About ITE

Garrett A. Morgan

Garrett A. MorganGarrett was born on March 4, 1877, in Paris, Ky., USA. The son of former slaves, he received only a sixth-grade education but that did not stop his quest for knowledge. When he was a teenager, Garrett left his family’s farm in search of better opportunities. While living in Cincinnati, Ohio, USA, he hired a tutor and continued his studies in English grammar. He moved to Cleveland, Ohio, where he worked as a sewing-machine repairman for a clothing manufacturer. Experimenting with gadgets and materials to discover better ways to do things became Garrett’s passion. This passion turned him into an inventor.  

One of Garrett’s inventions that brought him fame was the traffic signal. After witnessing a crash in which a car collided with a horse-drawn carriage carrying a little girl, Garrett decided to invent something to make traffic safer. He patented a folding electric traffic signal with “GO” and “STOP” signs that were systematically raised and lowered at intersections to bring order out of the chaos of regulating pedestrian and vehicle traffic on city streets. This was the precursor to the modern traffic light. In 1923, General Electric Co. bought Garrett’s patent for this device for $40,000. He also received patents in England and Canada for similar signal devices. With this invention, Garrett is often credited with creating an early example of what we know today as intelligent transportation systems.  

On May 30, 1997, Secretary of Transportation Rodney E. Slater announced the Garrett A. Morgan Technology and Transportation Futures Program at the Garrett A. Morgan Elementary School in Cleveland. The program has three goals: 1) to build a bridge between America’s youth and the transportation community; 2) to support the development of improved educational technology that provides better ways for people to acquire new skills; and 3) to ensure that America’s transportation work force for the 21st century is technologically literate and internationally competitive. The program will serve as a catalyst to enhance transportation education at all levels by leveraging the U.S. Department of Transportation’s current technology, education and research programs and by forging public/private partnerships. By 2000, the program will have reached one million students.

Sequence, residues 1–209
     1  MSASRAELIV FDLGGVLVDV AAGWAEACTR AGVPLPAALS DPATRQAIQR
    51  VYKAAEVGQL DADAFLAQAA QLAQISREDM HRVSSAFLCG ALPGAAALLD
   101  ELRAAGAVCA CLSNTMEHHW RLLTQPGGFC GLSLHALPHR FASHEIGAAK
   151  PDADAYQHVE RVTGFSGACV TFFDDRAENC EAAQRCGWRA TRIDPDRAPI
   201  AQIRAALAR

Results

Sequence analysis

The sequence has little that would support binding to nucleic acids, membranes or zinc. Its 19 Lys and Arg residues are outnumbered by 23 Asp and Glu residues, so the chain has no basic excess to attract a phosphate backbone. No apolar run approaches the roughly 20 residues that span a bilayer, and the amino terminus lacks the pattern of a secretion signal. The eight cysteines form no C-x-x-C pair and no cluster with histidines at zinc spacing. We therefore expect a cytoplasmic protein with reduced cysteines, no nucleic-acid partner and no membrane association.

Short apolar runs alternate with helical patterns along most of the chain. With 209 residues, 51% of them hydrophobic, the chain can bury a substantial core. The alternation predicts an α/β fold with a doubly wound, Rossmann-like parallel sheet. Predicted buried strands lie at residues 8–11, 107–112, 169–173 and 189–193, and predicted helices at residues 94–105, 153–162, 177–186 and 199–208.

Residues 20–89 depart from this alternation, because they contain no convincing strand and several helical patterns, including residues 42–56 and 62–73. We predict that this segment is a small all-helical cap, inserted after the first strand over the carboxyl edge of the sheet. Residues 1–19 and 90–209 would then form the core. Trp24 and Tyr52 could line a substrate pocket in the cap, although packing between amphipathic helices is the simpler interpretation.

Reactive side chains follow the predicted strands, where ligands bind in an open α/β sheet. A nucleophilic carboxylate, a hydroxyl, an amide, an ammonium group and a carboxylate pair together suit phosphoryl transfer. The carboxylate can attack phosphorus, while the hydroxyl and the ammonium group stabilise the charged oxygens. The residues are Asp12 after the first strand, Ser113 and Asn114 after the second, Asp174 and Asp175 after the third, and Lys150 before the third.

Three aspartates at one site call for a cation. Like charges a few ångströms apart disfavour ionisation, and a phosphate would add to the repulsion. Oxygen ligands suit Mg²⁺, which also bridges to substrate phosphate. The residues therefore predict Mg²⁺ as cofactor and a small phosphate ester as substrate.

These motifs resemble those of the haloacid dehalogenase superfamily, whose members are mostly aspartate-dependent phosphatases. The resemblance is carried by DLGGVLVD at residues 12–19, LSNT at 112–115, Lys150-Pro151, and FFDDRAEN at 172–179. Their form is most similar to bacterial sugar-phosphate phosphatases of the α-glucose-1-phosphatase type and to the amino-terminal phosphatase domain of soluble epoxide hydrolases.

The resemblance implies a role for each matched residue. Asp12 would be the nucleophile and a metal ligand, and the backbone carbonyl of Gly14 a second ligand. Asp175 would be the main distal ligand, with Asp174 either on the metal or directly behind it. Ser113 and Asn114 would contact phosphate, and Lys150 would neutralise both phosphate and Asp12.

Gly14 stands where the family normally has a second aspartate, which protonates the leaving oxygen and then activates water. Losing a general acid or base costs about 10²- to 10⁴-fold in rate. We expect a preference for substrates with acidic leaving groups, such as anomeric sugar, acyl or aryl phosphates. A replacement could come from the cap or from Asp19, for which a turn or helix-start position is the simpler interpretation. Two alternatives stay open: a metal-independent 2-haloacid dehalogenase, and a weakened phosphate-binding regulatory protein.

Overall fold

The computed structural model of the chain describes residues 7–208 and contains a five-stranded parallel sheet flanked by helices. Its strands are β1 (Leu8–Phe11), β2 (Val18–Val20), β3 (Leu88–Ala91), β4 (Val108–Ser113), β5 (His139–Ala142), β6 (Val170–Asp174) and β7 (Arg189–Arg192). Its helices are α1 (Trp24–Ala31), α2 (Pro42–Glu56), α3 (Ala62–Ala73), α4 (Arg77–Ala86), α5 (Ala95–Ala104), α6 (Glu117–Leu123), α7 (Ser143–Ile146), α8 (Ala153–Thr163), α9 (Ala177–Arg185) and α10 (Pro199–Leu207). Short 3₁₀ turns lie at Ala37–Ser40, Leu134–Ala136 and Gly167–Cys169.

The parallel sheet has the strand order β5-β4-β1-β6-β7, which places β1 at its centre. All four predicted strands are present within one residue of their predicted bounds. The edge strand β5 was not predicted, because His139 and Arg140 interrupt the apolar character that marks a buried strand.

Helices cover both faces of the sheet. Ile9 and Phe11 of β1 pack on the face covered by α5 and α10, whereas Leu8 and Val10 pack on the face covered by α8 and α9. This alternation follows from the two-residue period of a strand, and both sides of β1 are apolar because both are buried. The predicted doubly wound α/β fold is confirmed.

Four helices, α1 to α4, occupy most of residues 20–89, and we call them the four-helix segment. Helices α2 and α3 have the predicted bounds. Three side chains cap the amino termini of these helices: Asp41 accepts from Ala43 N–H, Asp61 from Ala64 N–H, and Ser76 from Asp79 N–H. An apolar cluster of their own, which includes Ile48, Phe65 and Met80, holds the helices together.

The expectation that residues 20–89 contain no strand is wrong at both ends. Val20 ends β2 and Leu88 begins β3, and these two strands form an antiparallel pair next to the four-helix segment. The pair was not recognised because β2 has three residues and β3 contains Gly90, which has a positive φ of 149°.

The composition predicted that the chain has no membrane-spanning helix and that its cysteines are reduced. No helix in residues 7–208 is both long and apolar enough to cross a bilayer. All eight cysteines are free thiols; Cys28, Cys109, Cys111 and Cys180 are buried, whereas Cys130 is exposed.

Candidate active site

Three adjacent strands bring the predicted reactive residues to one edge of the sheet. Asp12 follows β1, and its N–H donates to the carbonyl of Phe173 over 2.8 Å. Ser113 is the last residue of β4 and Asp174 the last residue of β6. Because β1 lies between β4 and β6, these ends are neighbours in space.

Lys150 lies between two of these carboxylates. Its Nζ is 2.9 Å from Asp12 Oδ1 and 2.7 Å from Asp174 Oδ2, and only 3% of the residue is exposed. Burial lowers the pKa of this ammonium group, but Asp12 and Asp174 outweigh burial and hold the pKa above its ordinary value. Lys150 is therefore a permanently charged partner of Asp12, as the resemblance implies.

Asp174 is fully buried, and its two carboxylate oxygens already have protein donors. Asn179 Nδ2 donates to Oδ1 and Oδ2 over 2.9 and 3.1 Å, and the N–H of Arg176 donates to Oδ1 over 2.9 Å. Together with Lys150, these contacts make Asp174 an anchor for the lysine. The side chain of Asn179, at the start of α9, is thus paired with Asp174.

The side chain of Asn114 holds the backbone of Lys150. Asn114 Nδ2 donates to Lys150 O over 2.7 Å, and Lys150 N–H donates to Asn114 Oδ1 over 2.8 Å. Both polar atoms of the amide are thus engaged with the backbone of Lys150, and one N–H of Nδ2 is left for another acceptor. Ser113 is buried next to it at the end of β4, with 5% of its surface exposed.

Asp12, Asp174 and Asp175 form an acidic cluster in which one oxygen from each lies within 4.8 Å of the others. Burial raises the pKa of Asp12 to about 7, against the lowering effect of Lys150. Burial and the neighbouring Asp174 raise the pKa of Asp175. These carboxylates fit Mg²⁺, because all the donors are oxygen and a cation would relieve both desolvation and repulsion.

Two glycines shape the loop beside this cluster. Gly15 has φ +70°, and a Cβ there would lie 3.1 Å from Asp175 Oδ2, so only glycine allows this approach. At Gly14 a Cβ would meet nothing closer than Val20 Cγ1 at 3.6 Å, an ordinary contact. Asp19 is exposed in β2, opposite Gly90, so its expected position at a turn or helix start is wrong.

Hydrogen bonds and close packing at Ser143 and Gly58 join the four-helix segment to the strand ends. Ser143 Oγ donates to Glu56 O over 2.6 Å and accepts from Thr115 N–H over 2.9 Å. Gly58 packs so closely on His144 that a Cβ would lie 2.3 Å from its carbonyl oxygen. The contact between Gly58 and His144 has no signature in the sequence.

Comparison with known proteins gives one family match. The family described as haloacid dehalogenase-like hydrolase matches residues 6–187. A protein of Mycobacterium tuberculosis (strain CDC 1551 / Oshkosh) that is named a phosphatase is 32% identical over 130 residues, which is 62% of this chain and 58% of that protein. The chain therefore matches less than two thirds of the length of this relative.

Another one of Garrett’s inventions was the gas mask that came about because of repeated  incidents of firefighters being overcome by smoke when attempting to put out fires in Cleveland.  Garrett wanted to do something to help with this problem. So, in 1914 he obtained a patent for a breathing device he invented that consisted of a canvas hood placed over the head. A double tube extended from the hood and merged into a single tube at the back. The open end held a sponge soaked with water to filter out smoke and to cool incoming air.  

Shortly after receiving this patent, Garrett had the opportunity to put his invention to the test. In 1916 a tunnel was being constructed under Lake Erie. One night, workers under the lake hit a gas pocket, which caused an explosion and trapped the workers in a steel crib 250 feet beneath the lake’s surface. Three rescue parties entered the tunnel, but the rescuers never came out. Officials familiar with Garrett’s breathing device summoned him. Garrett rushed to the scene with four of his safety hoods. Garrett, his brother and two volunteers put on the hoods and went in and out of the tunnel several times, pulling suffocating workers and rescuers to safety. This brought Garrett much notoriety and helped him sell his invention to fire departments across the country.

In 1914, Garrett received first grand prize at the Second International Exposition of Safety and Sanitation for his invention of a gas mask. For his bravery in the Lake Erie disaster in 1916, he received the Carnegie Medal and a Medal for Bravery from the City of Erie. Shortly before his death in 1963, the U.S. government awarded Garrett with a citation for inventing the traffic signal. Throughout his lifetime, Garrett used his creative energies for inventions that conveyed his concern for the safety of others.